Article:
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France and Germany could be doing more to help Ukraine defend itself, a Cabinet minister has said as he called on the West to respond to a change in Russian tactics.
Conservative Party chairman Oliver Dowden said the West needs to “continue to tighten the ratchet on Russia” as he said Moscow is now focusing on the east of Ukraine with a “determination to keep on going and going”.
Ukrainian president Volodymyr Zelensky told a press conference in Kyiv on Saturday that the UK, along with the US, was supplying the “biggest military aid” in its struggle against Moscow’s invading forces.
He praised Britain’s efforts in training his military amid accusations the UK blocked requests to strengthen Kyiv’s defences after Russia’s first strike eight years ago.
Mr Dowden was asked on the BBC’s Sunday Morning programme what had influenced the Prime Minister’s thinking when he conceded the Kremlin could be victorious.
The Cabinet minister responded: “What I think we are seeing is both changing Russia tactics, so Russia concentrating on the east of Ukraine, and a Russian determination to keep on going and going.
“That’s why I think it is really important that we need to continue to tighten the ratchet on Russia, whether that’s, for example, the 120 armoured personnel carriers that the Prime Minister agreed with Zelensky just last week or whether it is continuing to increase aid and tighten our sanctions.
“So, the West has to respond in turn and we are willing to do so.”
Asked whether he thought Russia could win, he replied: “That has always been a possibility that Russia could come out of this victorious. We don’t want that to happen.”
He also called for more support for Ukraine, telling Sky News’ Sophy Ridge On Sunday programme: “I would like to see more, but the Prime Minister is engaging on precisely that point.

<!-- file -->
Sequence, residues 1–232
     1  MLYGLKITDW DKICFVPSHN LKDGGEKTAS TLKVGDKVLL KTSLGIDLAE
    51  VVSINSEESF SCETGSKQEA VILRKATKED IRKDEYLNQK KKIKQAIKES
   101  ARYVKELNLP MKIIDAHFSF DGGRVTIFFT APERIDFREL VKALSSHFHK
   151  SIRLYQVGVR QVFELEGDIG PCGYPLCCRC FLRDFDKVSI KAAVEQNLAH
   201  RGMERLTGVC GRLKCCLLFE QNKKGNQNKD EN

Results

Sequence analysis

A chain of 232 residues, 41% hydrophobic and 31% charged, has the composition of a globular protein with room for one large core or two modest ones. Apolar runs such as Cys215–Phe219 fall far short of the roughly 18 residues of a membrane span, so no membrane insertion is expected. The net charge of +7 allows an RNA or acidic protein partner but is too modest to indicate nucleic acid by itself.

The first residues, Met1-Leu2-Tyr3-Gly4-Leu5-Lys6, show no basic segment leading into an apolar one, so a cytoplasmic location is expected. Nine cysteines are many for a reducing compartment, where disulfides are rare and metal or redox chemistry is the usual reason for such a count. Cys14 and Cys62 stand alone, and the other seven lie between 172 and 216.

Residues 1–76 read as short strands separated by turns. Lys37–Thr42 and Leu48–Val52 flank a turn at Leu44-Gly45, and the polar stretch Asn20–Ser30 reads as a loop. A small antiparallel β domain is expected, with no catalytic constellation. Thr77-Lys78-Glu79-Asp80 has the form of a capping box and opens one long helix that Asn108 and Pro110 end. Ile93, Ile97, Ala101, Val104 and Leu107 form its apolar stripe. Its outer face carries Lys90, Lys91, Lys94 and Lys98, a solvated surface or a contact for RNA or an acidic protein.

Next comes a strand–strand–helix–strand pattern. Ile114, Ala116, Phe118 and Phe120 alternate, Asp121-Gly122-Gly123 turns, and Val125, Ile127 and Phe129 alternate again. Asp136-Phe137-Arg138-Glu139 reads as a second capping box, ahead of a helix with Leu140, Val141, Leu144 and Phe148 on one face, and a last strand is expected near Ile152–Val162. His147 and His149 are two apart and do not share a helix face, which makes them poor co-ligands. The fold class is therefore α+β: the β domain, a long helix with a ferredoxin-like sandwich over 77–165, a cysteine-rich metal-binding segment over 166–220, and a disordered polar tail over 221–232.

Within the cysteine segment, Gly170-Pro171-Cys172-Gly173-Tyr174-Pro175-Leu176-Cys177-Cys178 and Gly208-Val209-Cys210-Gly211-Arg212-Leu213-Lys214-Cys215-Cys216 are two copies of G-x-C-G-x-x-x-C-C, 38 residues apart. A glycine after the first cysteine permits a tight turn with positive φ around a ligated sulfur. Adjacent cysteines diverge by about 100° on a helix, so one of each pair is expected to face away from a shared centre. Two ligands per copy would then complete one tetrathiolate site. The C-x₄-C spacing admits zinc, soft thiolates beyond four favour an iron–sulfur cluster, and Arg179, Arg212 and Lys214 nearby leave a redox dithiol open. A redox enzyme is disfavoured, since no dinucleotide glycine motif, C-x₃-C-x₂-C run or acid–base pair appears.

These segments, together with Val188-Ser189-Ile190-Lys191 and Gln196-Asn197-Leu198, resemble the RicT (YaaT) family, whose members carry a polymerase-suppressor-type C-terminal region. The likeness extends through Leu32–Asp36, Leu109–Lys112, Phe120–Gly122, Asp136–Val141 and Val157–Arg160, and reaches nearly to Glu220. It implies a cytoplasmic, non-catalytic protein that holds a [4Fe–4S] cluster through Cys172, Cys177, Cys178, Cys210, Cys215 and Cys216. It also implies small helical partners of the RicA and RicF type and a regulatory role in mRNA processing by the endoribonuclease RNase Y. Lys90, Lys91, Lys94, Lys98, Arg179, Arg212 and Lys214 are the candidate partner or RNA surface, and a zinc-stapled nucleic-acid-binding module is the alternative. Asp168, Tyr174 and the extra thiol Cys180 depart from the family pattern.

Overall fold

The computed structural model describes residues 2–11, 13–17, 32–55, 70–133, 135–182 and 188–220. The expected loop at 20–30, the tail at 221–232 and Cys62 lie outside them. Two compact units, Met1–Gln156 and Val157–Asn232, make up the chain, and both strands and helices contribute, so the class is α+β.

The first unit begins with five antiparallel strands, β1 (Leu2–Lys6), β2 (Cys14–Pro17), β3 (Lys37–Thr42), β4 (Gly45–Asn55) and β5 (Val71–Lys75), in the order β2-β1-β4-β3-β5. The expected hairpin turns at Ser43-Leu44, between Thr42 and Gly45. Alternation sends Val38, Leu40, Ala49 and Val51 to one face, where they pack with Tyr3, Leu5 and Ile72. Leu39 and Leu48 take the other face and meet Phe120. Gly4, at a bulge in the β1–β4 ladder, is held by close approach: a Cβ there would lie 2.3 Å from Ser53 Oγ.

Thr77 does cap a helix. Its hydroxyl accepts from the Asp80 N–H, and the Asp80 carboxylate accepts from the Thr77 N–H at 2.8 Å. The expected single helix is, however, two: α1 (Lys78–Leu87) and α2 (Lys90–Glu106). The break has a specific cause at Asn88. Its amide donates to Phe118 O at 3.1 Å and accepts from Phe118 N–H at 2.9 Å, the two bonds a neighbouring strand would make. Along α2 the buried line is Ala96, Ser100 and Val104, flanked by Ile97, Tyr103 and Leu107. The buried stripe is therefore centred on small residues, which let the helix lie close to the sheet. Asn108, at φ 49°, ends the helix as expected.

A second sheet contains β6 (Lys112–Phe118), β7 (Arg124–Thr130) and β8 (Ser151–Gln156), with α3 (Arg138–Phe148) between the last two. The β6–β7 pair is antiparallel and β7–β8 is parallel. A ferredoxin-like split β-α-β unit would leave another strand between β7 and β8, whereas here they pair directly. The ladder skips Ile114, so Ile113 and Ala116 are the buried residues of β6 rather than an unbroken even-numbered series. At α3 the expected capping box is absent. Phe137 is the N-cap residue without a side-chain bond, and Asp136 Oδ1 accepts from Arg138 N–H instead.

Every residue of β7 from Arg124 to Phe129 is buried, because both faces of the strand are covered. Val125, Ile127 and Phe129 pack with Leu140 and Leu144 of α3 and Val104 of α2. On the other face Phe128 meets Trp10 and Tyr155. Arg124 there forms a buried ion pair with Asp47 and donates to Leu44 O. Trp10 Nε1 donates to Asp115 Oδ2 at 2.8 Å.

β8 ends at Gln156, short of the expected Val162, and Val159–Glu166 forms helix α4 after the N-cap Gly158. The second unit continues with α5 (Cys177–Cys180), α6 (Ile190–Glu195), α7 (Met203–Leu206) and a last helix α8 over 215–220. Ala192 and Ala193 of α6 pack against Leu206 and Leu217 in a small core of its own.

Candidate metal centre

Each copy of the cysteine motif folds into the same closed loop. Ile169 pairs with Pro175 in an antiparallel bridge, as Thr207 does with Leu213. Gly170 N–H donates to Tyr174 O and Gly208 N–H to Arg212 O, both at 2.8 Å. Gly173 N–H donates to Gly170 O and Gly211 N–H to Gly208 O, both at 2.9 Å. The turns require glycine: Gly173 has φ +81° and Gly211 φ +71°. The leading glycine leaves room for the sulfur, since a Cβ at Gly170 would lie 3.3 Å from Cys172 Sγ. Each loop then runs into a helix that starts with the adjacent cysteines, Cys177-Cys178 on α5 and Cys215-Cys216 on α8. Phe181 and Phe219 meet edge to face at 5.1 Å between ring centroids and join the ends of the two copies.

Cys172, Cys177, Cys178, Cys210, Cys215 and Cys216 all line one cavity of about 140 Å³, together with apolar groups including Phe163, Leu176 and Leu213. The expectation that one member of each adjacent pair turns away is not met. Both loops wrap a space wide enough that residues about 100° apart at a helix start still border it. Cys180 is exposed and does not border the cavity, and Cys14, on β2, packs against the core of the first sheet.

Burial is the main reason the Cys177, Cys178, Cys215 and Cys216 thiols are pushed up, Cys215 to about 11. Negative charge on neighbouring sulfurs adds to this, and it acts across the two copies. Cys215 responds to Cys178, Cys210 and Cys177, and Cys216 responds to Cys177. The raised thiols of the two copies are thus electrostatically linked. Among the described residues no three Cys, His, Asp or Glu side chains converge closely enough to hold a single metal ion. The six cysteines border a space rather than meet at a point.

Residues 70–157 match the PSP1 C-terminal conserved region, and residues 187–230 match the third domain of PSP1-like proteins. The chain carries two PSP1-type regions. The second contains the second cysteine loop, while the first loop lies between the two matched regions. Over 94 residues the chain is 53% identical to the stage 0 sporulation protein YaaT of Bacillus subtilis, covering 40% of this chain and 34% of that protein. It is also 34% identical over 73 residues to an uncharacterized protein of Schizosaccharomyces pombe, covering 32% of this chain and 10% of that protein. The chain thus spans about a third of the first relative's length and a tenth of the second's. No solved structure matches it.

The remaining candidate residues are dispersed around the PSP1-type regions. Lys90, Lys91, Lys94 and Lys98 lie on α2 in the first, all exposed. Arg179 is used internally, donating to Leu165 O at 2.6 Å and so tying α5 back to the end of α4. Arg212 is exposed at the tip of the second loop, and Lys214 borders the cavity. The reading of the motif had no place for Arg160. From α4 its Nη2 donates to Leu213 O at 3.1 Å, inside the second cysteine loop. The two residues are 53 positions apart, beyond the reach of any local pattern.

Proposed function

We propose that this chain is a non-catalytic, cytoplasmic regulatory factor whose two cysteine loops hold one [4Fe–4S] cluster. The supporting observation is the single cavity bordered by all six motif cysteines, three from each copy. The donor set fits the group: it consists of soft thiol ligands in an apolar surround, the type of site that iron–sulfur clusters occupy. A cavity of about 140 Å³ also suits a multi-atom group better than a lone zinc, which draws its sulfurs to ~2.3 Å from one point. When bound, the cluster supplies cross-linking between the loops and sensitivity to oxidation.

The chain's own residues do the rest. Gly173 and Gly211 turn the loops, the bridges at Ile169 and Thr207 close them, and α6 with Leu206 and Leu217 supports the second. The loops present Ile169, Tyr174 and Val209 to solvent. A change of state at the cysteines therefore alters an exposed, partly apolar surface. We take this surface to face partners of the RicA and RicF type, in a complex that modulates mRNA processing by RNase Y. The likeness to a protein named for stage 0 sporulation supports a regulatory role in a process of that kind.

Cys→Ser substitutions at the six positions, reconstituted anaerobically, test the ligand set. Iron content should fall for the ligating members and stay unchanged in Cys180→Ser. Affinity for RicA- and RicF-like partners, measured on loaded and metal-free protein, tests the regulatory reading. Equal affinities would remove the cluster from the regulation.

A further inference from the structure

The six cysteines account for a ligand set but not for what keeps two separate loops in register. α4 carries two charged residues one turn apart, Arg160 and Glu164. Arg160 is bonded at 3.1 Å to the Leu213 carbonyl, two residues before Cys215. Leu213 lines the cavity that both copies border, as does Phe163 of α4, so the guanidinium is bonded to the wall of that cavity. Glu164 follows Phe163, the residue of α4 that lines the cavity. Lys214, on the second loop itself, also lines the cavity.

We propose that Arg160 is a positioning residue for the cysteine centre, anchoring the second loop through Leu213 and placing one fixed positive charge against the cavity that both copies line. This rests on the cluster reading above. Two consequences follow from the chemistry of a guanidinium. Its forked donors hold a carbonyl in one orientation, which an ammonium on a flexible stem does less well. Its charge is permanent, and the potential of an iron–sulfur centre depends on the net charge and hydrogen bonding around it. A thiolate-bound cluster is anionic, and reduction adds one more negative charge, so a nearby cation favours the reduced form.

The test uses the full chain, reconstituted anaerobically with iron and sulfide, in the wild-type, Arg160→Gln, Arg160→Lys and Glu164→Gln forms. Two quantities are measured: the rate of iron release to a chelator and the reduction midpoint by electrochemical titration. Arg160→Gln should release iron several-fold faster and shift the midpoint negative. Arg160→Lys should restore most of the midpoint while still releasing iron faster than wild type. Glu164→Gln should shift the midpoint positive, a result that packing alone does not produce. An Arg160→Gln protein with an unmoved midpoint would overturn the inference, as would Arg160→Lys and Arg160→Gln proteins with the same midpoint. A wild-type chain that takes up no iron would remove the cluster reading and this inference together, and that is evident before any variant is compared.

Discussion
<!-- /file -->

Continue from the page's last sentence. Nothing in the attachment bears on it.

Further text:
“So, earlier this week he had a call not just with President Biden but also President Macron and the leaders of other countries such as Germany.
“There is a desire for us all to do it but it would be good to see more from France and Germany as well.”
His comments come after a former defence secretary accused previous Downing Street operations of being reluctant to support Kyiv in the aftermath of Russian president Vladimir Putin’s annexing of Crimea in 2014.
Michael Fallon told The Sunday Times that, when serving under former Conservative prime minister David Cameron, he was told to turn down requests for assistance in upgrading Ukraine’s defences despite the Ministry of Defence wanting “to do more”.
The Mayor of Melitopol, Ivan Fedorov, who was abducted by Russian forces in Ukraine, said many countries “closed their eyes” to the situation in Ukraine after the annexation of Crimea.
When asked on Times Radio if he would have liked to have seen more help from the West prior to the invasion, he said the world’s understanding of the situation in Ukraine between 2014 and February this year was the “greatest mistake” and that many countries made “huge business with the Russian Federation”.
He appeared to suggest the profit of that business was then seen in Ukraine in the “blood of our children”.
In the run-up to and during the current incursion, London has emerged as one of Ukraine’s closest allies in terms of supplying Nato-class weapons.
In a phone call on Saturday, Mr Zelensky personally thanked Boris Johnson for Britain providing training on home soil, with Ukraine’s armed forces being taught how to use armoured vehicles that are being given to boost the war effort in eastern Europe.
And asked during a briefing about military support from the West, Mr Zelensky told reporters: “We want more than we’re being given, but we’re satisfied.
“We cannot refuse or reject anything during the war from the biggest military aid, which is coming from the United States and the United Kingdom.
“There are many other friends in Europe, but I’m talking about volumes of help and I’m grateful for it.”
The Ukrainian president also announced that he will hold talks with the US secretary of state Antony Blinken and secretary of defence Lloyd Austin in Kyiv on Sunday – a meeting taking place more than two weeks after Mr Johnson made a similar trip east.
The battle for Donbas in eastern Ukraine continues to rage but Saturday also saw fresh attacks in the south, with a missile strike in Odesa killing a three-month-old baby and another five people.